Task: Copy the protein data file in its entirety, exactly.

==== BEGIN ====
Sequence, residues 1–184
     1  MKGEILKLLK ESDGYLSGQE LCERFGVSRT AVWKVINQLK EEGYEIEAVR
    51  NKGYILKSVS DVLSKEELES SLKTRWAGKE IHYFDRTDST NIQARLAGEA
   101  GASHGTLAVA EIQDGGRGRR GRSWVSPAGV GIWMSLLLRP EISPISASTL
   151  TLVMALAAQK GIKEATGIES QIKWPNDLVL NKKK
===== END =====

Sequence, residues 1–184
     1  MKGEILKLLK ESDGYLSGQE LCERFGVSRT AVWKVINQLK EEGYEIEAVR
    51  NKGYILKSVS DVLSKEELES SLKTRWAGKE IHYFDRTDST NIQARLAGEA
   101  GASHGTLAVA EIQDGGRGRR GRSWVSPAGV GIWMSLLLRP EISPISASTL
   151  TLVMALAAQK GIKEATGIES QIKWPNDLVL NKKK